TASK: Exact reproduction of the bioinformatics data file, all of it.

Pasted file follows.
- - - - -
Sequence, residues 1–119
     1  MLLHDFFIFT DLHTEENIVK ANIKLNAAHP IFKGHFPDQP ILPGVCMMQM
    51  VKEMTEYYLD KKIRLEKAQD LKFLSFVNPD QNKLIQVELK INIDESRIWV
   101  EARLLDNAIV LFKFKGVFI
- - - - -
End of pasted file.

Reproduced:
Sequence, residues 1–119
     1  MLLHDFFIFT DLHTEENIVK ANIKLNAAHP IFKGHFPDQP ILPGVCMMQM
    51  VKEMTEYYLD KKIRLEKAQD LKFLSFVNPD QNKLIQVELK INIDESRIWV
   101  EARLLDNAIV LFKFKGVFI